F.: That's not so interesting for my work. Personally, I am interested in the work of Mark Pauline, in the basis of his work. The fact that robots, machines, take the place of Man nowadays, and that Man takes pleasure in machines, is another feature of our society – I can see the quality of his work very clearly. A drama of substitutes is taking place, as the Romans staged it originally, by letting people fight against lions or by letting lions fight against each other or letting lions fight against bulls. The Star War program works along the same lines. But my area of work or field of research is Man and his capability to exist in this society, or the tricks he has to invent in order to succeed or survive, as well as society's reaction to him. I'd put forward my thesis as a counterweight to Pauline's thesis. I place the individual, Man, in the foreground. I think that Man or the individual should establish counterpositions or counterweights in a society or age in which machines require or take up more and more space. I think it is necessary to give more consideration to the individual person, and that the individual will regain more attention to the same extent that technology and microchips are spreading.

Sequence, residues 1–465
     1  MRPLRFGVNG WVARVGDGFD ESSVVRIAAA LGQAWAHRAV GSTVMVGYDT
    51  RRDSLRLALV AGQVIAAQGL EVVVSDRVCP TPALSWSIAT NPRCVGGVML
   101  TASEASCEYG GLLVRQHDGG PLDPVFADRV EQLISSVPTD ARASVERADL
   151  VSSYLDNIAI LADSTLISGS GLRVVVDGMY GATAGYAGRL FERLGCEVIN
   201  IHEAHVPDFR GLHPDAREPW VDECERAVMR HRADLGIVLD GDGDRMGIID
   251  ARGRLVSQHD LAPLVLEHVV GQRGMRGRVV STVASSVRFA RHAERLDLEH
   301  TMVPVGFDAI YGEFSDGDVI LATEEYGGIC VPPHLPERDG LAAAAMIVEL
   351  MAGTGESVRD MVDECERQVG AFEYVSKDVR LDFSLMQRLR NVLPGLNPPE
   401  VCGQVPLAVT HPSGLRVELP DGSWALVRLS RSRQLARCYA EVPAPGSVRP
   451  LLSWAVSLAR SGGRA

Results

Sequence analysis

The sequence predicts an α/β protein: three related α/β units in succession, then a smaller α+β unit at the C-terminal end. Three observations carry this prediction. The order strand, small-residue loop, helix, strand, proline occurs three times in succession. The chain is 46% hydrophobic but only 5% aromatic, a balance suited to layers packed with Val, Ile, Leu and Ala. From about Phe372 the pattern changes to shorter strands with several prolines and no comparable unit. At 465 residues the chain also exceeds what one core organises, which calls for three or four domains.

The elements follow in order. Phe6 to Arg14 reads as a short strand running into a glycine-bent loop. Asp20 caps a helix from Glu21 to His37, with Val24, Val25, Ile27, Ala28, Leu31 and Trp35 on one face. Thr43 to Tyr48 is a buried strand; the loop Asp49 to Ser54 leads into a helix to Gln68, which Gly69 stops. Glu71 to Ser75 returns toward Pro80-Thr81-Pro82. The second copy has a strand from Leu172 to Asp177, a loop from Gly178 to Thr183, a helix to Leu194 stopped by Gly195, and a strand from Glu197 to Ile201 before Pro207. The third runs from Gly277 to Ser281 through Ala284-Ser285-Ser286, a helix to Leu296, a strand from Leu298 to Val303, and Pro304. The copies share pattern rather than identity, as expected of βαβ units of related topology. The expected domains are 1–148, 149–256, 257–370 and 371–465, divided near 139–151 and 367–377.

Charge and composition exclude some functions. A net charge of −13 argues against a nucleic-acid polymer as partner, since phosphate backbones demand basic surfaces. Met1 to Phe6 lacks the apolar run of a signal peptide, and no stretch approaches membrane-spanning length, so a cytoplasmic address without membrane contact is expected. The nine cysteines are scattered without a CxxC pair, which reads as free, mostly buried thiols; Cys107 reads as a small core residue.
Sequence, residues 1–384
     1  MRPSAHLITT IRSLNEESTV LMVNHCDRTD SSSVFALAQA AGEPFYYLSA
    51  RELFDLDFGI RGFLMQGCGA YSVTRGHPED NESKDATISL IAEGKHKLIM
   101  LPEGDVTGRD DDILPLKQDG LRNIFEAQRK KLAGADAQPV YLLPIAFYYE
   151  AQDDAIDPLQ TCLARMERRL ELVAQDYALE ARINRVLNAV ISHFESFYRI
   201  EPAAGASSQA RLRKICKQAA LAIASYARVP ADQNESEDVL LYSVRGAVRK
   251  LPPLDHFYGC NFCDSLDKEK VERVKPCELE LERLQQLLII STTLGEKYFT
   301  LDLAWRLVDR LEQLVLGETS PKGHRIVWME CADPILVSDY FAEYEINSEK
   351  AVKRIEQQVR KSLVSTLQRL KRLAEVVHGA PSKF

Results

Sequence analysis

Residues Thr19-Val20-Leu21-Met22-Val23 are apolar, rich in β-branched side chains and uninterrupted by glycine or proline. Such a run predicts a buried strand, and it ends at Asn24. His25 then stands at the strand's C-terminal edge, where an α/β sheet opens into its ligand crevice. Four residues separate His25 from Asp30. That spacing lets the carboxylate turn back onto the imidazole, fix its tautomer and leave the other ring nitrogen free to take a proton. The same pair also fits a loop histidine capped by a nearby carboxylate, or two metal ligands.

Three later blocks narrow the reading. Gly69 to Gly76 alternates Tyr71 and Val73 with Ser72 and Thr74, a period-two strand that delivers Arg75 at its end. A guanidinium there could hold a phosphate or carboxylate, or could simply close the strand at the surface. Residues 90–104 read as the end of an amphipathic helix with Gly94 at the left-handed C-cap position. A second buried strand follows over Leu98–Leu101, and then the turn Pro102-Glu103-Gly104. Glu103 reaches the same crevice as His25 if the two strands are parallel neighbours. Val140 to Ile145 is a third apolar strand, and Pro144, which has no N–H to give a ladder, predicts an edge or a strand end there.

J.: Therefore, your last disassembly in the Munich "Kunstverein" was an exception, as you did not actually perform as a person. The audience was walled in with books, by a group of people you had selected. You directed the action and it was your idea. But, I think, this was the first time, an exception, that you did not appear in person.
F.: No, this is basically an aspect of my thinking. I was present all the time, because I thought up the whole thing, There were 700 people and it is an extremely subtle form of aggression to consciously wall in 700 people. The opera singer also played a vital "role" in it, she set up the trap, diverting attention. It is a classic example: while the audience got carried away by the lovely singer, licking the honey, the trap closes and the audience was closed in, lulled into being walled up. This also works perfectly in our society. I was extremely present, because my mind was present. The subtle aggression then turned into open aggression as the audience had to become actively aggressive in order to free itself from this situation. They had to push down the wall of books. So I simply gave something back.